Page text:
Search Images Maps Play YouTube News Gmail Drive More »
Sign in
Screen reader users: click this link for accessible mode. Accessible mode has the same essential features but works better with your reader.

Patents

  1. Advanced Patent Search
Publication numberUS599291 A
Publication typeGrant
Publication dateFeb 15, 1898
Filing dateJul 31, 1896
Publication numberUS 599291 A, US 599291A, US-A-599291, US599291 A, US599291A
InventorsHoward K. Brooks
Export CitationBiBTeX, EndNote, RefMan
External Links: USPTO, USPTO Assignment, Espacenet
Spring-post for bicycles
US 599291 A
Images(1)
Previous page
Next page
Description  (OCR text may contain errors)

v (No Model.)

H. K. BROOKS.

SPRING POST FOR BIGYCLES.

No. 599,291 Patented Feb. 15, 1898.

- \NITIJESSES:

i ATFNT Cri ics.

IIOlVARD K. BROOKS, OF CHICAGO, ILLINOIS.

SPIRlNG-POST FOR BICYCLES.

SPECIFICATION forming part of Letters Patent No. 599,291, dated February 15, 1898. Application filed July 31, 1896. Serial No. 601,181. (No model.)

To all whom it may concern:

Be it known that I, HOWARD K. BROOKS, a citizen of the United States, residing at Chicago, in the county of Cook and State of Illinois, have invented a new and useful Spring Seat-Post for Bicycles, of which the following is a specification.

My invention relates to means for relieving the body of a bicycle-rider from verticallyactive vibrations when riding over rough roads; and my object is to improve the device for which a Patent of the United States, No. 559,841, was granted to me May 12, 1896, as is described hereinafter and illustrated in the accompanying drawings, in which- Figure 1 shows the spring casing, two springs, and the adjusting-nuts therefor, together with a leather-buffer washer and the retaining-nut therefor and an adjusting nut or cap for the top of the spring-case,all in axial section, a seat-post stem being shown in elevation. Fig. 2 is a side elevation of a portion of the upper part of a seat-post stem to illustrate position of a leather buffer attached thereto. Fig. 3 is a rear elevation of the part shown in Fig. 2, lookin g in the direction indicated by arrow 12, and showing one of the spline-channels therein. Fig. atis a cross-section of the stem shown in Fig. 2 on line 13 14 to show spline-channels. Fig. 5 is an axial section of a portion of the top of the springcase with the adj usting-cap removed and with the stem having the upper enlarged end portion in axial section through the spline-channels and the lower or reduced portion in elevation in position within the spring-case as it appears when the stem is forced inwardly, and shows the manner of forming integral longitudinal splines which are adapted to slidingly fit in longitudinal channels in the front and rear sides of the stern. Fig. 6 is an elevation of the upper end portion of the springcase, showing a slit at one side thereof to permit the compression of the end of the case. Fig. 7 is an elevation of the top end of the spring-case, looking in the direction indicated by arrow 15, Fig. 6, and showing the depression to form a spline for one of the channels in the stem. Fig. 8 is an axial section of the top of the spring-case on line 16 17, Fig. 7. Fig. 9 is an elevation of a counter bufferspring fitted to operate at the lower end of the device. Fig. 10 is a plan of a lock-nut for adjusting the tension of the spring shown in Fig. 9. Fig. 11 is a plan of the spring-case with the screw-threaded'cap and the stem removed to show the oppositely-disposed front and rear splines which slidingly fit the two channels, Fig. 4:, in the stem.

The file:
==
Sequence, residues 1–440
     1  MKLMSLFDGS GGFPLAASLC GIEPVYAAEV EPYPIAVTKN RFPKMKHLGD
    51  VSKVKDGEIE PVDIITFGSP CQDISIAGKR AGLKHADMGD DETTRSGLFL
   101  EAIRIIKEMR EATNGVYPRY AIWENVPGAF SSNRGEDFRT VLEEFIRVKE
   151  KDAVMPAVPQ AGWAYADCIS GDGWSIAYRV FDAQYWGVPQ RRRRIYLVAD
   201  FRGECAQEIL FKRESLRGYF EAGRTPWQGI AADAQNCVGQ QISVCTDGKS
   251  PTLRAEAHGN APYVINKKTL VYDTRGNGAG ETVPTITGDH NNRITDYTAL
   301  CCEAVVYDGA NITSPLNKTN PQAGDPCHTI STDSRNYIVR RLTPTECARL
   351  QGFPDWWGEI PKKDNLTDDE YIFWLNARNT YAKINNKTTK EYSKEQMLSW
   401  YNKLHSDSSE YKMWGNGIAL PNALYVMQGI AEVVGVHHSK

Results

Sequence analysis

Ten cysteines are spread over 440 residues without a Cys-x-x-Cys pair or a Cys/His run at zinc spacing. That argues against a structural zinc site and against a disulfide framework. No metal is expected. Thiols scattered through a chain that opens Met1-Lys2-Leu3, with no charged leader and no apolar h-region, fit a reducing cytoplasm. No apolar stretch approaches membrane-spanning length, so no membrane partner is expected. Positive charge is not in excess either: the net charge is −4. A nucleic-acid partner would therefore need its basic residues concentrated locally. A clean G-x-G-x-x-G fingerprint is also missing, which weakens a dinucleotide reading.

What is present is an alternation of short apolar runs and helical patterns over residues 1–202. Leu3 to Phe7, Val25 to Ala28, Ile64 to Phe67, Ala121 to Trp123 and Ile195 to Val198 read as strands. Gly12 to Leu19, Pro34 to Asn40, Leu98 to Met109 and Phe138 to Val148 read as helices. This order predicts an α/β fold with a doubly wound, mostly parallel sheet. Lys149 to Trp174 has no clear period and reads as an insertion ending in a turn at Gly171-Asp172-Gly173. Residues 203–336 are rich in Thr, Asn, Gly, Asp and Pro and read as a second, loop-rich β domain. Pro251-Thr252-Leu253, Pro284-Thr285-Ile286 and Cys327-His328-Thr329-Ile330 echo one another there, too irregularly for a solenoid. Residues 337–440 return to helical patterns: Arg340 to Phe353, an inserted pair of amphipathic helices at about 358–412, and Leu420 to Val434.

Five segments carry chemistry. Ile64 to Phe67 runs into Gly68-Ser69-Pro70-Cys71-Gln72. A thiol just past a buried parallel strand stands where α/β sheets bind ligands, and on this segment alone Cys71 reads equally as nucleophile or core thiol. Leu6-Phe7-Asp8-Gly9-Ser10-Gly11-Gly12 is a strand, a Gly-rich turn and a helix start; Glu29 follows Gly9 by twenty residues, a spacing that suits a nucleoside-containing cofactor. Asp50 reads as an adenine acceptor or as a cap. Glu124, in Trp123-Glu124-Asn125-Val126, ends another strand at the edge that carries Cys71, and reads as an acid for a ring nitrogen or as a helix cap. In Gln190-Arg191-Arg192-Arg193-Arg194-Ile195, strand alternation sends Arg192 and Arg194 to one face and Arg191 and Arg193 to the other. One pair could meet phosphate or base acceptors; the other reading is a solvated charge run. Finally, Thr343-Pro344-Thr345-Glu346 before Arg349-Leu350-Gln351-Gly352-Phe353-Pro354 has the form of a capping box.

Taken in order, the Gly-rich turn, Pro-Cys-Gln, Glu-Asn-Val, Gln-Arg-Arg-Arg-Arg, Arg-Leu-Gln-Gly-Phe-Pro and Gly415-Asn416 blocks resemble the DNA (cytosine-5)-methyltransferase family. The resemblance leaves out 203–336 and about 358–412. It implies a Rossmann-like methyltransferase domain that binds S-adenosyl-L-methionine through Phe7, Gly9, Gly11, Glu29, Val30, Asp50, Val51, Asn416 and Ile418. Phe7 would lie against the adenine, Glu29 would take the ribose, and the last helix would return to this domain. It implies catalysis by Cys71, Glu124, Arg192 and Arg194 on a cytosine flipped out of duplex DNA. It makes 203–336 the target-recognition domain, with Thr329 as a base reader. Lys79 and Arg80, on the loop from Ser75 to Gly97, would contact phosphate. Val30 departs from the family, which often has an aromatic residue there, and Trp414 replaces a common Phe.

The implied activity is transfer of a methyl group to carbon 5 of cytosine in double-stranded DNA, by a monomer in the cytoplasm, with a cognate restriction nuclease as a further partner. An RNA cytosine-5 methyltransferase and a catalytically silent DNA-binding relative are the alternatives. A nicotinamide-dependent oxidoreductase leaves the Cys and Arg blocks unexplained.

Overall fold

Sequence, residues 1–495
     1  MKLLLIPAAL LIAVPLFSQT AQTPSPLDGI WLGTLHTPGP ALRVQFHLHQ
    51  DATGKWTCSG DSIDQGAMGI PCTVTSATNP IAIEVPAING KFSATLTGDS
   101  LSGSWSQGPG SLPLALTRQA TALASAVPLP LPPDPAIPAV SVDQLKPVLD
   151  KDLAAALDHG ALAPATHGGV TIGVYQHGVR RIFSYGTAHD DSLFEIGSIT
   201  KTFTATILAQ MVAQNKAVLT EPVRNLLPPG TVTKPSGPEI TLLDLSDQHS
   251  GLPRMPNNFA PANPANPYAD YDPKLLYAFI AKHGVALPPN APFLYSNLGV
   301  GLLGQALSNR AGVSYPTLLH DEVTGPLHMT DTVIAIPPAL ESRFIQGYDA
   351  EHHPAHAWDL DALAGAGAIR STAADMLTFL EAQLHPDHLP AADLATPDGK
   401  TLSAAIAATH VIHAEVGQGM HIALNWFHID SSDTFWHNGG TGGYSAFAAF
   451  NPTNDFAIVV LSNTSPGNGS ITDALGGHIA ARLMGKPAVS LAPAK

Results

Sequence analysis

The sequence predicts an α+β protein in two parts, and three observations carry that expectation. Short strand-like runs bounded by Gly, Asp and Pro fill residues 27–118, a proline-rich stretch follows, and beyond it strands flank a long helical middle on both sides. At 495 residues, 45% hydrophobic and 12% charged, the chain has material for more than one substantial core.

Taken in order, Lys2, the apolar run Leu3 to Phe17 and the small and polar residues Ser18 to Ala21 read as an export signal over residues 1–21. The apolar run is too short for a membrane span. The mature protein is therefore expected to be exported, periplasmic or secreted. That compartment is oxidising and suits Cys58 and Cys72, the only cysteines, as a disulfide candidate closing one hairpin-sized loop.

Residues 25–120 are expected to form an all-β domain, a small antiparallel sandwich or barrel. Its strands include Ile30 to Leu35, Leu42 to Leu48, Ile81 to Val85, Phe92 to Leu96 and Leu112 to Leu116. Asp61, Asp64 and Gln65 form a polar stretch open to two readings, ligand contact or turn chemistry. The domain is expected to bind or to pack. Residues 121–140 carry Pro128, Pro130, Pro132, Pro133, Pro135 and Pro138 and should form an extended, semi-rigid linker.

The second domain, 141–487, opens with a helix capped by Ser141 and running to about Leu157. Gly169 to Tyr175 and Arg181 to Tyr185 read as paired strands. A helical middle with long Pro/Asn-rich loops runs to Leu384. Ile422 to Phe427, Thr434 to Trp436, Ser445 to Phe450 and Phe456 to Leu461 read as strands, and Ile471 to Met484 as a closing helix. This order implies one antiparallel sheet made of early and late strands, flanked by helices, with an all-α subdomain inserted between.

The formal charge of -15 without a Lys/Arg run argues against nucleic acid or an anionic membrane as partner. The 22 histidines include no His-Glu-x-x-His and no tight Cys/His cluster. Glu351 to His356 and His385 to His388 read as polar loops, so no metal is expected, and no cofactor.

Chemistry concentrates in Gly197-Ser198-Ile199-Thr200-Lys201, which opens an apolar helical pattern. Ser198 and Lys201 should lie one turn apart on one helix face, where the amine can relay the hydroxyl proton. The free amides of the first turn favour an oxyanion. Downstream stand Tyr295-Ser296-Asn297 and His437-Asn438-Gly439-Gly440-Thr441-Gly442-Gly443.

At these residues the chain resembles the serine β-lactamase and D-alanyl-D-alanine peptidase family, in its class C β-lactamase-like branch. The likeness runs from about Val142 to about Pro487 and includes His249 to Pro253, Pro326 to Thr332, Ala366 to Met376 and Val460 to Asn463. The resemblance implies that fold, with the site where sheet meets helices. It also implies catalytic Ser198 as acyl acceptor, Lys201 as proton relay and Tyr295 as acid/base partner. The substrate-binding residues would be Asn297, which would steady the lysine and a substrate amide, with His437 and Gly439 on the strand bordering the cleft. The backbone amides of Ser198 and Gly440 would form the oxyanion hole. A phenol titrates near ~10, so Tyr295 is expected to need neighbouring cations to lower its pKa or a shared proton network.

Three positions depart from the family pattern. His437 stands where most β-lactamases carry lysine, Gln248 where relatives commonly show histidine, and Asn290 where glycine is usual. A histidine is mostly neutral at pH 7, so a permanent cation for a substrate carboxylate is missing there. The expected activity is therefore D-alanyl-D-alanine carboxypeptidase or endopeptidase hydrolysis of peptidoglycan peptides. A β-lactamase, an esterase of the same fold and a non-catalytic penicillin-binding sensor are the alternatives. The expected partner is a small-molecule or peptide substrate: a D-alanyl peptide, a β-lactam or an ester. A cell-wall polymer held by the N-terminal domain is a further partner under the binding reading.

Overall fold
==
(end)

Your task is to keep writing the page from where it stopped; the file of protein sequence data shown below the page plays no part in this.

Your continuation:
Similar letters indicate like parts throughout the several views.